He caught her wrist. “I was good at trusting once. Now I’m not.”
“Tough,” she said.
He held her gaze, searching her eyes for some sign of madness or a lie or some impending betrayal. At last he grunted and got to his feet, pulling her up with him. If she was right, he had to act. And it wasn’t as though he had a better lead.
He cast a glance at their clothes where he’d discarded them on the stable floor, and sighed, his breath white on the air. Shirt, pants, underwear, all frozen stiff in their crumpled shapes. He took the wool coat and draped it around Adette’s shoulders; she gave him a grateful look. Then he got up and went to see what he could find. He’d found a coat; maybe there’d be another. Or gloves. Or overalls. Or something. He would have been self-conscious about stalking naked across the stable, but now that he was out from under that coat and away from Adette’s body heat, all he could think about was the cold floor burning his feet and the way the cold air bit at his bare chest and his balls.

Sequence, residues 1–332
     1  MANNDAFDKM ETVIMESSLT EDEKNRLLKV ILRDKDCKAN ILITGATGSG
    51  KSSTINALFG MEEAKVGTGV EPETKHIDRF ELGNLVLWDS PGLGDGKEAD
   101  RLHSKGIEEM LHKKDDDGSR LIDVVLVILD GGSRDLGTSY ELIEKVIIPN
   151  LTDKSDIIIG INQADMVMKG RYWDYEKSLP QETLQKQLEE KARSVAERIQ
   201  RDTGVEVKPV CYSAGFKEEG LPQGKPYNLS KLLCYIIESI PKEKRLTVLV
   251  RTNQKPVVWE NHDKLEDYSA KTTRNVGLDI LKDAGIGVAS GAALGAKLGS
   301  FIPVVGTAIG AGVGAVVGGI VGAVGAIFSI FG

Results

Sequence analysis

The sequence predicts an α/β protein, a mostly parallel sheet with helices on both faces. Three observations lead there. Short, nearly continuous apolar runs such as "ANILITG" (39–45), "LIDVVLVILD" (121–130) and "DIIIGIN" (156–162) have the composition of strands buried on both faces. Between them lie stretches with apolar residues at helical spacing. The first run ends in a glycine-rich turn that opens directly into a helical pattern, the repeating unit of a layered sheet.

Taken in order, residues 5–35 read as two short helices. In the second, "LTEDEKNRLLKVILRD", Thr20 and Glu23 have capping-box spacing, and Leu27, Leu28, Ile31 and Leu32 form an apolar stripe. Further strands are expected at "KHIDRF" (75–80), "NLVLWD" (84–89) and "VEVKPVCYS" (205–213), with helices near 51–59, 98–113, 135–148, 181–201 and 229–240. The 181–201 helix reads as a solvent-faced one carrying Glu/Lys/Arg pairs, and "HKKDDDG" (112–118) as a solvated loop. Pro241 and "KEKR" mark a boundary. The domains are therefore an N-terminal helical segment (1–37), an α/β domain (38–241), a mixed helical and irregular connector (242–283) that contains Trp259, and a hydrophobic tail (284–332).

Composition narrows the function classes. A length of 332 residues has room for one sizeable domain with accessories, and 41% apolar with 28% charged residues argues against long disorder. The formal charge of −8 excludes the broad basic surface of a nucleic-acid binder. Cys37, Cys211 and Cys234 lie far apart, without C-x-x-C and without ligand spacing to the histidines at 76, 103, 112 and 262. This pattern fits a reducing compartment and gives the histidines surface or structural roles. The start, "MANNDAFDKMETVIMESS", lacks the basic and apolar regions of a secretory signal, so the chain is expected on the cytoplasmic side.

And that rot.
He kept thinking of that, too.
He’d slept with her. Despite the cold, he hardened a little at the memory. She hadn’t smelled like rot then. The decay had come while she slept. While she dreamed.
He stopped, leaned his hand against the stable door, the grain of the wood rough against his palm.
She’d woken up claiming some knowledge of the killer. The killer, whose face was more rotten and vile than any he had ever seen. The dream had to be the key. But what did it mean? The maggots and the festering morbidity that Matt had seen in the faces of evil from one coast of the country to the other… that was a presaging of violence. It wasn’t a contagion. It certainly didn’t spread through dreams, while people slept.